BY DICK ROTHSCHILD, CLIPPER COLUMNIST
(© R.D. Rothschild; 2nd North American Rights)
(As appeared in The Duxbury Clipper, January 23, 2013)
Marveling at the speed with which Kingston’s “Independence” wind turbine materialized, from ground breaking to completion in two and a half months, one is tempted to think that getting community wind power up and running is a slam dunk. Far from it. Under the best circumstances it is a long, arduous process demanding extraordinary perseverance, patience and an extra measure of derring do. In Kingston’s case, the idea of harnessing wind energy goes back to August 2002 when the Town’s selectmen, led by Mark Beaton, decided to create the Kingston Secure Energy Future Commission. Three years passed before the Renewable Energy Laboratory at UMass erected a meteorological tower atop the Town’s capped landfill to monitor the site’s wind resources. Another couple of years were chewed up in discussions, presentations, reports and hearings before Town Meeting approved of a Wind Turbine Zoning and Overlay District. Then another three years were consumed to get to Town Meeting approval of a zoning bylaw amendment to adopt the Green Communities designation allowing “by right” permitting for wind turbines and then authorizing land lease for wind turbines and photovoltaic (PV) solar panels. Now tack on yet another two years of project design, zoning bylaw amendments, presentations and approvals. Finally, in late 2010, the Board of Selectmen authorized the Town Administrator to negotiate a contract to construct, operate and maintain a wind turbine.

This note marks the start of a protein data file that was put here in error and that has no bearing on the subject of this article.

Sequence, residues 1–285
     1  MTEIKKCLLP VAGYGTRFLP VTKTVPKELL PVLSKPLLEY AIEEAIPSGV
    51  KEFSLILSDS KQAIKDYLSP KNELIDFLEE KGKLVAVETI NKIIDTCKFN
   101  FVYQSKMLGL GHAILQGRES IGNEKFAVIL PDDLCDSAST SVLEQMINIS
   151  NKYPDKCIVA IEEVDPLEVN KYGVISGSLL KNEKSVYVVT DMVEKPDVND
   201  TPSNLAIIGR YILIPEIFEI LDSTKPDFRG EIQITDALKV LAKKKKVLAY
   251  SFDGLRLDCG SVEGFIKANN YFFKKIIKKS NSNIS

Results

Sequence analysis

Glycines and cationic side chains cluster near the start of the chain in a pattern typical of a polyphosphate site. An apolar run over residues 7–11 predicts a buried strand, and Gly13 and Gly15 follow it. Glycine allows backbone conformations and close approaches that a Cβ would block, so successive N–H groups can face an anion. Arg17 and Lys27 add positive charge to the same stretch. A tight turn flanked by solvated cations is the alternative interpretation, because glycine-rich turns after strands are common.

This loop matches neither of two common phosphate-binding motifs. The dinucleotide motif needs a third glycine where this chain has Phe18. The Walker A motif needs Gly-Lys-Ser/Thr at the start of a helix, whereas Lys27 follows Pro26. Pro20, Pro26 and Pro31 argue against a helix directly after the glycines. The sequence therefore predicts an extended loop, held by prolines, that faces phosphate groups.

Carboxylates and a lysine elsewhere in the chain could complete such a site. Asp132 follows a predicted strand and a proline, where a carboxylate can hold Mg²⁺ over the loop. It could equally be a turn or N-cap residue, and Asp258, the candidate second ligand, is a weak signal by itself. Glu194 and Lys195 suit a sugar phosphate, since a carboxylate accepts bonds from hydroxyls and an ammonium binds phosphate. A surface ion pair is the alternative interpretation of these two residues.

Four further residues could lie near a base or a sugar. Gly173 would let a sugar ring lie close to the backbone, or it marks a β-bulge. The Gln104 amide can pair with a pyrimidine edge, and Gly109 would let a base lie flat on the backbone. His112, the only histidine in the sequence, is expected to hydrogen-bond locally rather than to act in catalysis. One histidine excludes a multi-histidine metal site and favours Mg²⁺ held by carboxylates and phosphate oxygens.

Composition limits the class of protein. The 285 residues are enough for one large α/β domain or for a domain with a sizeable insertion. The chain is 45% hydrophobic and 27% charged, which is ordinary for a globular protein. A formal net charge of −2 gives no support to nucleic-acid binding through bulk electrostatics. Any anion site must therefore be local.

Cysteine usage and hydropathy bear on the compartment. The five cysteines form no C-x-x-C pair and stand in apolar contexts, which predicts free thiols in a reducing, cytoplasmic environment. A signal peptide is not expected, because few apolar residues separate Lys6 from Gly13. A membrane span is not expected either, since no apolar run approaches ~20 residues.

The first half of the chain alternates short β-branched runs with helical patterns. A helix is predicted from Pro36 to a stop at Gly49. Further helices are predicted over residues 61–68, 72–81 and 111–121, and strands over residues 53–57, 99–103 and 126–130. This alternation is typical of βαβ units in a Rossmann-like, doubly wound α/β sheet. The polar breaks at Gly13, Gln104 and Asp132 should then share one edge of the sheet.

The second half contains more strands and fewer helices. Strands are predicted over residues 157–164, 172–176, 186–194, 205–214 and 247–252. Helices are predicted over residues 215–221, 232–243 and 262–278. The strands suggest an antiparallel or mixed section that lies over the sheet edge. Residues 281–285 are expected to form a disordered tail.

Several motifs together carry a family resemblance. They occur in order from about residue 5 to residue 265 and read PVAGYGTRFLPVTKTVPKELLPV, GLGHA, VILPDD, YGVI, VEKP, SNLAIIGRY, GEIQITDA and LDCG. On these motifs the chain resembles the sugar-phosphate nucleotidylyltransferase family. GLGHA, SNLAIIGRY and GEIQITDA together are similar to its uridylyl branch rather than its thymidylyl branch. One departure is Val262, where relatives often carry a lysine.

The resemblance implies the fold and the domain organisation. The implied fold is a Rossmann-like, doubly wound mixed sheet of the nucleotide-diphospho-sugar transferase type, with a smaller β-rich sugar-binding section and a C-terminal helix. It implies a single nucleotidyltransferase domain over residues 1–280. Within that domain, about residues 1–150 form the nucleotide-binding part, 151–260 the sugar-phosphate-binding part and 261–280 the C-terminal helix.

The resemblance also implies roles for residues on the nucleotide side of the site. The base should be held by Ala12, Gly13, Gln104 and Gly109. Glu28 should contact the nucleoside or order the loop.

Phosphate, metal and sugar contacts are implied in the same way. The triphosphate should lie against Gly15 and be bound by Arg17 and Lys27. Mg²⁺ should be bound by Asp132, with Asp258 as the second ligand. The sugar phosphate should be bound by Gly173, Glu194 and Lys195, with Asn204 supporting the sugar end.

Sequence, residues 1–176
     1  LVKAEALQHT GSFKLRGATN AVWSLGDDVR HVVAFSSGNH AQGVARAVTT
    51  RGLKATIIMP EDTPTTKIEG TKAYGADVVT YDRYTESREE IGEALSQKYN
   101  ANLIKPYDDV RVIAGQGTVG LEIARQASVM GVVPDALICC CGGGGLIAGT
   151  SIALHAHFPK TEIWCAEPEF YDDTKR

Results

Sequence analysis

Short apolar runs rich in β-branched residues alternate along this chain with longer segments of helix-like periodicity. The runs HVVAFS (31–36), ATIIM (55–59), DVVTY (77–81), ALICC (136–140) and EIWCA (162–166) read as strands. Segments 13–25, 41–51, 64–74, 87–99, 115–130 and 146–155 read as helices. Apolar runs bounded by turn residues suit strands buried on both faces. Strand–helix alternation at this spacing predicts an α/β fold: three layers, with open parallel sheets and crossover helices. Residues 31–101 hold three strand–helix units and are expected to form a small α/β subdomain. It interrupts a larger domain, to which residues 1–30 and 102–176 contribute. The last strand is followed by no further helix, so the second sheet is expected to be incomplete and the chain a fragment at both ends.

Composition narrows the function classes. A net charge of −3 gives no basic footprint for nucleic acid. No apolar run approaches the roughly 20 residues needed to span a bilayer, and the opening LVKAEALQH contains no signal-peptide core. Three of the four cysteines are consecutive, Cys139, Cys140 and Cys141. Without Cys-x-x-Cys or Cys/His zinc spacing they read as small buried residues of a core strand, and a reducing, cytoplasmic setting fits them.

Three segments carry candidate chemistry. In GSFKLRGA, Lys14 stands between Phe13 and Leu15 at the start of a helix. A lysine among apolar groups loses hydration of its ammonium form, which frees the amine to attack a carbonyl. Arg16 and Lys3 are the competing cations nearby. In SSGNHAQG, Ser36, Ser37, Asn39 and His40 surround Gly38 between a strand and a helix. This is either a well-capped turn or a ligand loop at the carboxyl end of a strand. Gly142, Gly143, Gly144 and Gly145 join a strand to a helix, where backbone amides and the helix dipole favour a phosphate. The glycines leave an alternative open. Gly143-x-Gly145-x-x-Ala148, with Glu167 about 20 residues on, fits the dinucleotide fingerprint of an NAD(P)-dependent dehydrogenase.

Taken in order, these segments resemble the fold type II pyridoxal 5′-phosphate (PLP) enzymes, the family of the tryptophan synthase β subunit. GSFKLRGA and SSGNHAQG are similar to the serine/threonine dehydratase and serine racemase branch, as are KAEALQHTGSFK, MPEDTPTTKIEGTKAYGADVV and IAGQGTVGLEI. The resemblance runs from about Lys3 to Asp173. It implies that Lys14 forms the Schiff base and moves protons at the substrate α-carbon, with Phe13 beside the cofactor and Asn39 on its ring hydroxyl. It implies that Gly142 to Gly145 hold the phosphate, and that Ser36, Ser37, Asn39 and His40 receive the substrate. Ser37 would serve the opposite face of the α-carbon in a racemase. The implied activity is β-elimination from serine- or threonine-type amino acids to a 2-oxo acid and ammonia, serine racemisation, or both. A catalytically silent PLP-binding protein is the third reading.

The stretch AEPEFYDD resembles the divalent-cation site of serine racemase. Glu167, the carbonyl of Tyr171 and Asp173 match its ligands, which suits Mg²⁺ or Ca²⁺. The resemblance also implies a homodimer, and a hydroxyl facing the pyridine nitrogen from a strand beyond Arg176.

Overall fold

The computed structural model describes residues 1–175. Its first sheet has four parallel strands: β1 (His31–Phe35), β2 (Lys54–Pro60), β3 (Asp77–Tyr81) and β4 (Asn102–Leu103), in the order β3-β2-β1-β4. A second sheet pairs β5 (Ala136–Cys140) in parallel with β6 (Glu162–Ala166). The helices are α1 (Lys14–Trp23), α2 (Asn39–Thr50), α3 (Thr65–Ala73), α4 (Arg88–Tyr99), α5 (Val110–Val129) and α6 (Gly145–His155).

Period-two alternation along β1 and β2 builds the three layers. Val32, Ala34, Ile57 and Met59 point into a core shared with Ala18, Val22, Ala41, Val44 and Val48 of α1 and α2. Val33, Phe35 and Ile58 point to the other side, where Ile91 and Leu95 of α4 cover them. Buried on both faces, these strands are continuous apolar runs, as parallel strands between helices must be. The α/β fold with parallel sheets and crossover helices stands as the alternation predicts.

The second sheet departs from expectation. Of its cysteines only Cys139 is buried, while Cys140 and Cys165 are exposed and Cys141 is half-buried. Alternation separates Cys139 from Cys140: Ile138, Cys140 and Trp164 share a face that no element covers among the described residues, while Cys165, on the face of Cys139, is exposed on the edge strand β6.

Soon thereafter Kingston signed a contract with D & C Construction. It provided that Kingston would lease the land on which the turbine was to be erected for 20 years at $150,000 per year plus a 3.5 percent annual escalation of the lease payments. And it included a power purchase agreement entitling Kingston to buy all the electricity it needed for its municipal buildings at the discounted price of 11.5 cents per kWh (kilowatt hour) to escalate 3.5 percent annually.